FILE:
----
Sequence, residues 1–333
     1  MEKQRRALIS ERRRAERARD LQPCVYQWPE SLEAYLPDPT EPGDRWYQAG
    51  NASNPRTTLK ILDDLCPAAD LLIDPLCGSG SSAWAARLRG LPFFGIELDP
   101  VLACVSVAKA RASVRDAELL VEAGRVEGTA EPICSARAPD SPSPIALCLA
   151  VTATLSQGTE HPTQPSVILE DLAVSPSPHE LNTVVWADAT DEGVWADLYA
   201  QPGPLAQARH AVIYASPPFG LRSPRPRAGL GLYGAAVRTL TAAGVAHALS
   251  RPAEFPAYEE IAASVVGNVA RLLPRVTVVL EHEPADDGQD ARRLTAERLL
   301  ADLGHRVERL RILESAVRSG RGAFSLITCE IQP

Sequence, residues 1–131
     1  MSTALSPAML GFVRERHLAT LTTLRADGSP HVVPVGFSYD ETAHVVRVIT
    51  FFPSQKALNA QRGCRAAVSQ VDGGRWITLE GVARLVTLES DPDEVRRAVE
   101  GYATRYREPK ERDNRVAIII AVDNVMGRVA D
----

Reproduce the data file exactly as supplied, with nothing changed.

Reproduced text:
Sequence, residues 1–333
     1  MEKQRRALIS ERRRAERARD LQPCVYQWPE SLEAYLPDPT EPGDRWYQAG
    51  NASNPRTTLK ILDDLCPAAD LLIDPLCGSG SSAWAARLRG LPFFGIELDP
   101  VLACVSVAKA RASVRDAELL VEAGRVEGTA EPICSARAPD SPSPIALCLA
   151  VTATLSQGTE HPTQPSVILE DLAVSPSPHE LNTVVWADAT DEGVWADLYA
   201  QPGPLAQARH AVIYASPPFG LRSPRPRAGL GLYGAAVRTL TAAGVAHALS
   251  RPAEFPAYEE IAASVVGNVA RLLPRVTVVL EHEPADDGQD ARRLTAERLL
   301  ADLGHRVERL RILESAVRSG RGAFSLITCE IQP

Sequence, residues 1–131
     1  MSTALSPAML GFVRERHLAT LTTLRADGSP HVVPVGFSYD ETAHVVRVIT
    51  FFPSQKALNA QRGCRAAVSQ VDGGRWITLE GVARLVTLES DPDEVRRAVE
   101  GYATRYREPK ERDNRVAIII AVDNVMGRVA D